## Tuesday, August 12, 2008

### Subgroups

Let be a group and S Î G be such that it satisfies the following conditions :
1. e Î S, where e is the identity of
2. For any a Î S, a-1 Î S.
3. For a, b Î S, a * b Î S.
Then is called a subgroup of .
For any group , <{e}, *> and are trivial subgroups. All other subgroups are called proper subgroups.

Examples:
1. (Q , +) is a subgroup of (R, +).
2. (Dn , à) is a subgroup of (Sn , à).
3. ({[0], [2], [4]} , +) and ({[0], [3]} , +) are subgroups of (Z6 , +).
4. Let a be an element of a group , then G must contain all the integral powers of a, ar G, for r Z, thus, the cyclic group generated by an element ‘a’ is a subgroup of .

Theorem 3.2-1:

A non-empty subset S of G is a subgroup of if and only if for any pair of elements a, b Î S, a * b-1 Î S.

Proof:

Assume that S is a subgroup. For any pair a, b Î S, we have a, b-1 Î S, thus a * b-1 Î S.

To prove the converse, let us assume that for any pair a, b Î S, a * b-1 Î S.
Since S is nonempty, let a Î S. Then by taking b = a , we have a * a-1 = e Î S.
For every a Î S, consider the pair a, e in S, then we have, e*a-1 Î S, that is, a-1 Î S.
Finally, for any a, b Î S, consider the pair a, b-1Î S, then we have a*(b-1)-1 = a * b Î S.
Hence is a subgroup of .

Let and D> be two groups. A mapping g : G ® H is called a group homomorphism from to
D>, if for any a, b Î G,
g(a * b) = g(a) D g(b).

Examples:
1. Let G = (Z , +) and let H = ({1, -1} , •), where • is the usual multiplication.
Define f : G ® H by
Then, f(m + n) = f(m) • f(n), for m, n Î Z.
Thus, f is a homomorphism.
2. Let G = (Z , +) and let H = (Zn ,+).
Define f : G ® H by f(a) = [a (mod n)].
Then, f(a+b) = [(a+b)(mod n)]
= [a(mod n)] + [b(mod n)]
= f(a) + f(b).
Thus, f is a homomorphism.

Property 1: Group homomorphism preserves the identity element.

Let eG and eH are the identities of the groups and D> respectively.
Let g : G ® H be a group homomorphism.

Now g(eG * eG) = g (eG) = g (eG) D g(eG), that is, g(eG) is idempotant.

But the only idempotant element of a group is its identity, therefore, g(eG) = eH.

Property 2: Group homomorphism preserves inverses.

Let a Î G and a-1 be its inverse.

Then, g(a*a-1) = g (eG) = eH = g (a) D g (a-1)

Similarly, g(a-1 *a ) = g(eG) = eH = g(a-1) D g(a).

Therefore, g(a-1) is the inverse of g(a) in D>.

Property 3: Group homomorphism preserves subgroups.

Let g : ® D> be a group homomorphism.

Let be a subgroup of .

Therefore eH = g(eG) Î g(S).

For any a Î S, a-1 Î S and g(a) as well as g(a-1) = [g (a)]-1 are in g (S).

Also for a, b Î S, a * b Î S and hence

g(a), g(b) Î g(S) and g(a*b) Î g(S).

Since g is a homomorphism, we have, g(a) D g(b) = g(a * b) Î g(S).

Thus, D> is a subgroup of D>.

A group homomorphism g is called monomorphism or epimorphism or isomorphism depending on whether g is
"one-one" or "onto" or "one-one and onto" respectively.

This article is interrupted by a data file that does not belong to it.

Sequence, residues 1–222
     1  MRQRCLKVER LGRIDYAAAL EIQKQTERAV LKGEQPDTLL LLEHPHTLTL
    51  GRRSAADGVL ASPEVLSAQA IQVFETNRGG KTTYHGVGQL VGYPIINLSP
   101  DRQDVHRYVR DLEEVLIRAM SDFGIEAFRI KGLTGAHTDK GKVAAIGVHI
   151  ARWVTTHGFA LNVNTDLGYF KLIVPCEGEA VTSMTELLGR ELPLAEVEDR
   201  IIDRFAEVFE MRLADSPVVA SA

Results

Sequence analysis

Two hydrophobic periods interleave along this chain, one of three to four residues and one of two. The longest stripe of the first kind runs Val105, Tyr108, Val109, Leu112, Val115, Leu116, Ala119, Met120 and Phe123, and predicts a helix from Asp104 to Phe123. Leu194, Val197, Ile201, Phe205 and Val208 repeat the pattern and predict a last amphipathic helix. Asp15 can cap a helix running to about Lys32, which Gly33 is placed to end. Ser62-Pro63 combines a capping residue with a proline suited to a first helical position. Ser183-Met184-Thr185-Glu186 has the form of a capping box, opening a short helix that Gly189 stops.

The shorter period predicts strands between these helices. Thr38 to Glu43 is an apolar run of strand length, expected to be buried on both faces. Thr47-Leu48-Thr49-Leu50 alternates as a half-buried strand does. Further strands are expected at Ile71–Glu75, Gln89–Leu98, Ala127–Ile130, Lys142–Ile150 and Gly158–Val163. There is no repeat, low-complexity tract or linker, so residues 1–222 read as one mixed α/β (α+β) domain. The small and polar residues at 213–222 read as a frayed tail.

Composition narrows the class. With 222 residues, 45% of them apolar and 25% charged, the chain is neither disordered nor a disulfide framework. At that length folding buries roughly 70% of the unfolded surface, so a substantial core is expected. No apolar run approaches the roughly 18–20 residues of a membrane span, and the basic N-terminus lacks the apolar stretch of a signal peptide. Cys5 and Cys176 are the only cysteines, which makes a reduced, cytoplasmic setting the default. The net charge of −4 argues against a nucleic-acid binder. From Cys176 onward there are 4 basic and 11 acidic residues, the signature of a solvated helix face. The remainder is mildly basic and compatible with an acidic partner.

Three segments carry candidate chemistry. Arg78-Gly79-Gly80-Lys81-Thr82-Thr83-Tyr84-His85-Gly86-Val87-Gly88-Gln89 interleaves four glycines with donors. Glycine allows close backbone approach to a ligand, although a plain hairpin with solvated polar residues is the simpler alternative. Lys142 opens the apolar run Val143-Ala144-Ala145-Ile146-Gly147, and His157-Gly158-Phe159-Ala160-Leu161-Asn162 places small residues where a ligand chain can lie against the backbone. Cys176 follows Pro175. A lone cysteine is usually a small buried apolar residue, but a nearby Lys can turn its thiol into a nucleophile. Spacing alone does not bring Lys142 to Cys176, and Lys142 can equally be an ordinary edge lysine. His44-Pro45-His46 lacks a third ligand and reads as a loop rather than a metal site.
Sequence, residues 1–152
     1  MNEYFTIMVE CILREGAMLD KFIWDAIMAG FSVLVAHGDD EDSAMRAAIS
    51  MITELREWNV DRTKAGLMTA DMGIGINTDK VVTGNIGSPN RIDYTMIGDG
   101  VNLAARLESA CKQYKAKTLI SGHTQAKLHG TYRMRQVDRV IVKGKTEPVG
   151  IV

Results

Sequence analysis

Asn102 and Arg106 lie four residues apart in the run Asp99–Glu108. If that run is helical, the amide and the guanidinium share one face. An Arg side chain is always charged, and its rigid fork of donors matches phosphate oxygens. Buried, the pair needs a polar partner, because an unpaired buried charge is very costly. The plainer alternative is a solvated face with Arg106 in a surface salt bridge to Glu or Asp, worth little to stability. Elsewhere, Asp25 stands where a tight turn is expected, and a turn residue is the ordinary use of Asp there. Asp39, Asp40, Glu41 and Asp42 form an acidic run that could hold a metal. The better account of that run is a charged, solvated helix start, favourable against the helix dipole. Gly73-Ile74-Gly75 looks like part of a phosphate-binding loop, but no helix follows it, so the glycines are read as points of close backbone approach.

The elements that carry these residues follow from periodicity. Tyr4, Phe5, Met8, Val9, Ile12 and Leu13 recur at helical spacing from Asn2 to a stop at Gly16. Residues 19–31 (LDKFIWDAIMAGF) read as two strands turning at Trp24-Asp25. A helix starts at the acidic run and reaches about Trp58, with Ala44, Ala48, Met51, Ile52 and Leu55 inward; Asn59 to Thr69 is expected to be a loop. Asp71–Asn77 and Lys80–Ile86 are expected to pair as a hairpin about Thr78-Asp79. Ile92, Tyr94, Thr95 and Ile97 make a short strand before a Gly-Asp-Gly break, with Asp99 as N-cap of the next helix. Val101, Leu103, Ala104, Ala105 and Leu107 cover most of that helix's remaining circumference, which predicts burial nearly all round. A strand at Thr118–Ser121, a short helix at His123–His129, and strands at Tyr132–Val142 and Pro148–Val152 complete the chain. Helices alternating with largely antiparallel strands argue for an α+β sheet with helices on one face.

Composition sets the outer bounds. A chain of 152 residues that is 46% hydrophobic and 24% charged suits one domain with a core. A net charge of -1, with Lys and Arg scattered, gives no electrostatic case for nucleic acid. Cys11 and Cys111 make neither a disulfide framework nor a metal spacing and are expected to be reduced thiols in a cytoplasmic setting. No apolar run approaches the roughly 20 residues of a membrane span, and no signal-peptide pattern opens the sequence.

A homomorphism from a group (G , *) to (G , *) is called endomorphism while an isomorphism of (G, *) into (G, *)
is called automorphism.

Let g be a group homomorphism from to D>. The set of element of G which are mapped onto eH, the
identity of H, is called the kernel of the homomorphism and it is denoted by ker(g).

Theorem 3.2-2:

The kernel of a homomorphism g from a group to D> is a subgroup of .

Proof:
Let g : ® D> be a homomorphism.

Since g(eG) = eH, eG Î ker (g)

Also, if a, b Î ker(g), then, g(a) = g(b) = eH.

As g(a * b) = g(a) D g(b) = eH D eH = eH, we have a * b Î ker(g).

Finally, if a Î ker (g), then g(a-1) = [g(a)]-1 = eH-1 = eH.

Thus, for a Î ker(g), a-1 Î ker (g).

Hence ker (g) is a subgroup of (G, *).

Theorem 3.2-3:

Any infinite cyclic group is isomorphic to Z.

Proof:

Let G = (a) be an infinite cyclic group.

Define g : ® by g(n) = an.

Then, g(m+n) = am+n = am * an = g(m) * g(n).

Therefore, g is a homomorphism.

As is an infinite group , if m ¹ n then am ¹ an .

Hence, if m ¹ n, g(m) ¹ g(n) .

Thus, g is one-one.

For every b Î G, there exists some m Î Z such that b = am .

Thus, g(m) = am = b.

Hence, g is onto.

Exercise:

Prove that any cyclic group of order n is isomorphic to Zn.

Theorem 3.2-4:
Every finite group of order n is isomorphic to a permutation group of degree n.

Proof:

Let be a group of order n. We know that every row and column in the composition table of represent a
permutation of the element of G. Corresponding to an element a Î G we denote pa, the permutation given by the column under
‘a’ in the composition table.

Thus, pa(c) = c * a, for any c Î G.

Let the set of permutation be denoted by P.Then P has n elements. We shall show that <P, à> is a group where à denotes the
right composition of the permutation of P.

Since e Î G, pe Î P and peà pa = pa à pe = pa, for any a Î G.

Also, for any a Î G, à pa = pe.

Further, for any a, b Î G, pa à pb = p a*b ………… (1)

The equation (1) follows from the fact that

(pa à pb)(c) = (c * a) * b (by right composition)
= c * (a *b) (by associativity)
= pa*b(c)

Thus (P , à) is a group.

Consider the mapping f : G ® P given by f(a) = pa for any a Î G.

Then, f(a * b) = pa*b = pa à pb = f(a) à f(b).

Thus f is a homomorphism.

If a ¹ b then pa ¹ pb, that is, f(a) ¹ f(b).

Hence f is one-one.

Further, for every paÎ P, there exists a Î G such that f(a) = pa.

Thus f is onto.

Hence f is an isomorphism.

Hence the theorem.